Dr. Baruch Blumberg helped save millions of lives

Dr. Baruch Blumberg

Dr. Baruch Blumberg, who received the 1976 Nobel Prize in physiology or medicine for discovering the hepatitis B virus and later developed the vaccine that protects against it, died Tuesday, April 5. Blumberg died after suffering an apparent heart attack after delivering the keynote address at a NASA conference at the agency’s Ames Research Center at Moffett Field in Mountain View, Calif. He was 85.
The isolation of the hepatitis B virus and the development of a vaccine ultimately led to a sharp decline in the incidence of both infections and liver cancer worldwide. Today, Blumberg’s vaccine, which is one of the most widely used in the world, is credited with saving millions of lives.
Ironically, researchers had spend decades searching for the cause of what was then known as “serum hepatitis,” when Blumberg discovered it almost by accident, while researching the widely different responses to infectious agents among different ethnic populations.
Although his 1967 paper reporting his discovery of the virus was rejected by the Annals of Internal Medicine, largely because he was a biochemist, not a virologist, reported Thomas Maugh, II, in the Los Angeles Times: “[Blumberg’s] results were soon replicated by other researchers and the virus was quickly recognized as the cause of the disease. His development of a diagnostic test for the virus in blood soon led to the elimination of the majority of cases of hepatitis transmitted through blood.”
Blumberg began working on a vaccine to combat the virus with his colleague, Dr. Irving Millman of the Fox Chase Cancer Center in Philadelphia. The team’s first efforts were ignored by pharmaceutical companies who did not consider a potential vaccine a money maker. In 1976, however, Blumberg and Millman signed an agreement with Merck & Co. to produce the vaccine.
Born on July 28, 1925 in New York City, Baruch Samuel Blumberg dropped out of New York’s Union College in 1943 to enlist in the Navy. He returned to Union after the war to complete his undergraduate degree in physics and enrolled in graduate school in mathematics at Columbia University. At his father’s urging, he soon switched to medicine and he received his medical degree in 1951. He also received a doctoral degree in biochemistry from Oxford University’s Balliol College.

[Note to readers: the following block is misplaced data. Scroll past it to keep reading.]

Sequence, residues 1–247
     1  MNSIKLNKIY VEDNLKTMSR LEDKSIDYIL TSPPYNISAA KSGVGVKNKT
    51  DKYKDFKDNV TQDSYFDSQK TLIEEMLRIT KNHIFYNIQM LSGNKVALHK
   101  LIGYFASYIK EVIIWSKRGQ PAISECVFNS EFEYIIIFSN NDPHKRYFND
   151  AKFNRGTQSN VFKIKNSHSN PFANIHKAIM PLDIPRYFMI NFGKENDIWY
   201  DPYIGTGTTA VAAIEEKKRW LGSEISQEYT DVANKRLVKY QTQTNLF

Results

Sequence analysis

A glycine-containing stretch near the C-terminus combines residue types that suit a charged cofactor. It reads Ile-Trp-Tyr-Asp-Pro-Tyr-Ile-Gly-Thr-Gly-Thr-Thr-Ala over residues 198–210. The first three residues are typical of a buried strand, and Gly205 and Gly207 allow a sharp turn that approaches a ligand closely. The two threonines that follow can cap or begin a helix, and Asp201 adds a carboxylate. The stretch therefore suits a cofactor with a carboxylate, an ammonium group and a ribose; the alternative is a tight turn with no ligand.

In 1989, after nearly 20 years at Fox Chase in Philadelphia, he was elected Master of Balliol College at the University of Oxford. He returned to the U.S. in 1997 to join the Program on Human Biology at Stanford University. While there, he attended a NASA astrobiology workshop at Ames and became fascinated by the proceedings. NASA’s then-director Dan Goldin subsequently recruited him to become the first head of the agency’s new Astrobiology Institute.
In a personal essay written by Blumberg, he spoke of his early years: “The second of three children of Meyer and Ida Blumberg, my grandparents came to the United States from Europe at the end of the 19th century. They were members of an immigrant group who had enormous confidence in the possibilities of their adopted country. I received my elementary education at the Yeshiva of Flatbush, a Brooklyn Hebrew parochial school, and, at an early age, in addition to a rigorous secular education, learned the Hebrew Testament in the original language. We spent many hours on the rabbinic commentaries on the Bible and were immersed in the existential reasoning of the Talmud at an age when we could hardly have realized its impact.”
Blumberg is survived by his wife of 57 years, the former Jean Liebesman; two sons, two daughters and nine grandchildren.

Jane Nielsen

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